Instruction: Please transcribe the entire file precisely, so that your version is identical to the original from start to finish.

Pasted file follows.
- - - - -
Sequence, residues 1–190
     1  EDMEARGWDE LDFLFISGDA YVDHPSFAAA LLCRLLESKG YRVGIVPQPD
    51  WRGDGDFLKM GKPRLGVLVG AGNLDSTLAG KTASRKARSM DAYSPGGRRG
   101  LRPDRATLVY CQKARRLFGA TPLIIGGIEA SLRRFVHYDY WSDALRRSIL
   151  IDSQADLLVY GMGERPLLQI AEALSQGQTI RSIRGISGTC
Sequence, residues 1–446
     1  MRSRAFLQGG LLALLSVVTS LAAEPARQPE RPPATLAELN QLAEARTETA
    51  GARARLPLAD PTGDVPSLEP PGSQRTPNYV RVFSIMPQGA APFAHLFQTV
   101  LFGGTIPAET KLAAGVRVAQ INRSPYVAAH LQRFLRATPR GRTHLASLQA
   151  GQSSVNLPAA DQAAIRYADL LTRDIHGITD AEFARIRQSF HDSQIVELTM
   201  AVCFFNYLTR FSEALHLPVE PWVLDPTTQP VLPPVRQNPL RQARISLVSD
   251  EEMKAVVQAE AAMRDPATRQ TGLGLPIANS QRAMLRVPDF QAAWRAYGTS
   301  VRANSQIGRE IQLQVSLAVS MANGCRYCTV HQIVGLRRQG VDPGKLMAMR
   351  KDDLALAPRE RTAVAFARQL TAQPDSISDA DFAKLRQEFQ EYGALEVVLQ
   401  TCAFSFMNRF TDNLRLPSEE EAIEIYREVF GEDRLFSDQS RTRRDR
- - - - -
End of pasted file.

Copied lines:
Sequence, residues 1–190
     1  EDMEARGWDE LDFLFISGDA YVDHPSFAAA LLCRLLESKG YRVGIVPQPD
    51  WRGDGDFLKM GKPRLGVLVG AGNLDSTLAG KTASRKARSM DAYSPGGRRG
   101  LRPDRATLVY CQKARRLFGA TPLIIGGIEA SLRRFVHYDY WSDALRRSIL
   151  IDSQADLLVY GMGERPLLQI AEALSQGQTI RSIRGISGTC
Sequence, residues 1–446
     1  MRSRAFLQGG LLALLSVVTS LAAEPARQPE RPPATLAELN QLAEARTETA
    51  GARARLPLAD PTGDVPSLEP PGSQRTPNYV RVFSIMPQGA APFAHLFQTV
   101  LFGGTIPAET KLAAGVRVAQ INRSPYVAAH LQRFLRATPR GRTHLASLQA
   151  GQSSVNLPAA DQAAIRYADL LTRDIHGITD AEFARIRQSF HDSQIVELTM
   201  AVCFFNYLTR FSEALHLPVE PWVLDPTTQP VLPPVRQNPL RQARISLVSD
   251  EEMKAVVQAE AAMRDPATRQ TGLGLPIANS QRAMLRVPDF QAAWRAYGTS
   301  VRANSQIGRE IQLQVSLAVS MANGCRYCTV HQIVGLRRQG VDPGKLMAMR
   351  KDDLALAPRE RTAVAFARQL TAQPDSISDA DFAKLRQEFQ EYGALEVVLQ
   401  TCAFSFMNRF TDNLRLPSEE EAIEIYREVF GEDRLFSDQS RTRRDR